To eliminate laser cutting generally used in the hot stamping operation, a quenchable steel sheet is semi-punched during hot stamping, whereas the punching scraps are not removed from the hot-stamped part as shown in Figure 1. Subsequently, the scraps are removed from the hot-stamped part at room temperature. The semi-punching scraps slightly remain in the hot-stamped part to transfer to the cold scrap removing process. Since the scraps are not removed during hot stamping, additional channels for taking out punching scraps are not necessary for the hot-stamping dies. The cold scrap removing load is small due to the slight remainder. Naturally the hot semi-punching load is also small due to small flow stress of the heated sheet.

thumbnail Figure 1.

Hot semi-punching and cold scrap removing in hot stamping of ultra-high strength steel part. (a) Heating, (b) hot semi-punching in hot stamping and (c) cold scrap removing.

Firstly, a hot semi-punching operation without forming was performed to examine the deformation behaviour in semi-punching and cold scrap removing. The experimental setups of hot semi-punching and cold scrap removing are shown in Figure 2. A non-coated quenchable steel sheet 22MnB5 (C: 0.21, Mn: 1.2, Si: 0.25, B: 0.0014 mass%) having 1.6 mm in thickness was employed for the experiment, and the tensile strength and elongation of this sheet measured from the tensile test are shown in Figure 3. The 70 mm square sheet was heated at 1100 °C for 240 s with an electrical furnace and was punched at 850 °C after manual transference to the dies. Since the square sheet is too small, the temperature of the sheet rapidly decreased for 5 s during the manual transference. The sheet was fully austenitised because the Vickers hardness of the die-quenched sheet was about 470 HV0.3. A 1500 kN CNC servo press was used for stamping. The amount of remainder in semi-punching was adjusted by inserting a shim spacer between the punch and the press slide, and the remainder rate r to the sheet thickness was changed. For example, r = 10% means 1.6 × (1 − 0.1) = 1.44 mm in punch stroke. The diameters of the punches used in the hot semi-punching and cold scrap removing operations were equal, and the diameter of the die hole for cold scrap removing was larger than that for hot semi-punching due to easy positioning. It is easy to remove the scrap due to a small amount of remainder.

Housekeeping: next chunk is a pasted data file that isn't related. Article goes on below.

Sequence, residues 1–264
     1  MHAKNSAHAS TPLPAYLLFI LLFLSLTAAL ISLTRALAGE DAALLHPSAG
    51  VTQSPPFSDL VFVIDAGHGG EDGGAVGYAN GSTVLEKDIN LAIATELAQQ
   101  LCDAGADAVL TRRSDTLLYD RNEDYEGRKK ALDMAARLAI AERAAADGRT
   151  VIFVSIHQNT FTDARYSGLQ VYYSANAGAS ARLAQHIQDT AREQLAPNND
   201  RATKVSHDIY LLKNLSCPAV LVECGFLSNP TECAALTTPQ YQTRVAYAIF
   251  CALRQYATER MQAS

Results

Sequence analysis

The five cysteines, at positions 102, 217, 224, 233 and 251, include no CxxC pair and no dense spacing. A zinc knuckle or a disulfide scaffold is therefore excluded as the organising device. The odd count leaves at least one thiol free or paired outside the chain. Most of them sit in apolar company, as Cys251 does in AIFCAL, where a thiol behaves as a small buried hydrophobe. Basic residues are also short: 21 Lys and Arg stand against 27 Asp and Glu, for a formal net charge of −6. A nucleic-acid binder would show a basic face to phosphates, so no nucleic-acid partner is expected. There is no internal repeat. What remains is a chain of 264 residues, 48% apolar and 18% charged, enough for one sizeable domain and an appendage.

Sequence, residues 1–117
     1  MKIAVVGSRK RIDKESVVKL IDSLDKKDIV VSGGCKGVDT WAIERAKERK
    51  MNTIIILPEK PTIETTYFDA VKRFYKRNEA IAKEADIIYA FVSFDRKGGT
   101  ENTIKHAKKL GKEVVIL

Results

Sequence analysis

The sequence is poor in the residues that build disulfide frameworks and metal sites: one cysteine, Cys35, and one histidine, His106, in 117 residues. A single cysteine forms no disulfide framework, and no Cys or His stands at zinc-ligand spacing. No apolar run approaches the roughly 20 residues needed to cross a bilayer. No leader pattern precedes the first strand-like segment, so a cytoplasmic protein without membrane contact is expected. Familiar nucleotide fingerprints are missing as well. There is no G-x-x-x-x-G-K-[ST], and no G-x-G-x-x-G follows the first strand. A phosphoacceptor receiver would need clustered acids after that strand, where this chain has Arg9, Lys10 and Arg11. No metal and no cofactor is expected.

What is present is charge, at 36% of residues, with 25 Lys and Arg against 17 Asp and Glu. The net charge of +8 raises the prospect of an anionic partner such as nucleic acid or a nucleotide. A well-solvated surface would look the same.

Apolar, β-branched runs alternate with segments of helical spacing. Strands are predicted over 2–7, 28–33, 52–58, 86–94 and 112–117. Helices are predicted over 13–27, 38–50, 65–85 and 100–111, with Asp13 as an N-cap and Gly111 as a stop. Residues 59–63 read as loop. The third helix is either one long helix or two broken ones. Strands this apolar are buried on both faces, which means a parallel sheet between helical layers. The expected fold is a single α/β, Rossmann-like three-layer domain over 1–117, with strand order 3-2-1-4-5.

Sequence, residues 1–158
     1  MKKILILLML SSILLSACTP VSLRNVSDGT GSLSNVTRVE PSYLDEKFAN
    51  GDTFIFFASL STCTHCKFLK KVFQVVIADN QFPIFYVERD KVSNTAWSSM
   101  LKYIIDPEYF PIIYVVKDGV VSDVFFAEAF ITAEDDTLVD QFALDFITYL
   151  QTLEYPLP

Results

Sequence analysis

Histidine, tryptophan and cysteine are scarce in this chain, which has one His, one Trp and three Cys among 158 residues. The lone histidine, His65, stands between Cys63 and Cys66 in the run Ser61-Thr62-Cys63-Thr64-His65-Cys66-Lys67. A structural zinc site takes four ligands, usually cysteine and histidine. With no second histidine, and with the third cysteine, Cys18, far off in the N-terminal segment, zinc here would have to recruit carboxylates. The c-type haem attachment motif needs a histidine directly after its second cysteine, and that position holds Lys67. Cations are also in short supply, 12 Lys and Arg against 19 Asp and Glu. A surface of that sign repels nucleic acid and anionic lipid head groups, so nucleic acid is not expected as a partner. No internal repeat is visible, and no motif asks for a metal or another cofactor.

thumbnail Figure 2.

Experimental setup of (a) hot semi-punching and (b) cold scrap removing.

thumbnail Figure 3.

Variations of tensile strength and elongation with heating temperature for quenchable steel sheet 22MnB5.

The conditions used for hot semi-punching are shown in Table 1. Since the sheet is not completely punched in semi-punching, no clearance between the punch and die is available without collision of the punch with the die. The diameter of the die shown in Figure 2a is determined from the clearance of hot semi-punching.

Table 1.

Conditions used for hot semi-punching.

3. Results of hot semi-punching and cold scrap removing

3.1. Hot semi-punching

The hot semi-punched sheet for c = 0% and r = 10% is shown in Figure 4. The punching scrap remains in the sheet. A remarkable oxidation scale appeared on the surfaces because of the non-coated steel sheet.

thumbnail Figure 4.

Hot semi-punched sheet for c = 0% and r = 10%. (a) Punch and (b) die sides.

The range of separation of the scrap for the different remainder rates and clearances is shown in Figure 5. For r = 10%, the scrap separated from the sheet in c = 10%, complete punching, whereas no separation occurred in c = 0%.

thumbnail Figure 5.

Range of occurrence of separation for different remainder rates and clearances.

The diameters of the semi-punched hole and scrap are given in Table 2. The punched holes expanded from the diameter of the punch of 5.95 mm, because the periphery of the sheet was early cooled by sandwiching between the upper and lower dies, and then the region around the hole was cooled. On the other hand, the scrap became smaller due to the shrinkage.

Table 2.

Diameters of semi-punched hole and scrap.

The deformation behaviour during hot semi-punching was calculated by the commercial FEM software LS-Dyna. The distribution of normal stress in the radial direction is illustrated in Figure 6. The normal stress in the radial direction the shearing region for c = 0% is highly compressive, and the compressive stress is larger than that for c = 10%. This leads to delay of the separation.

thumbnail Figure 6.

Distribution of normal stress in radial direction calculated by FEM software. (a) c = 0% and (b) c = 10%.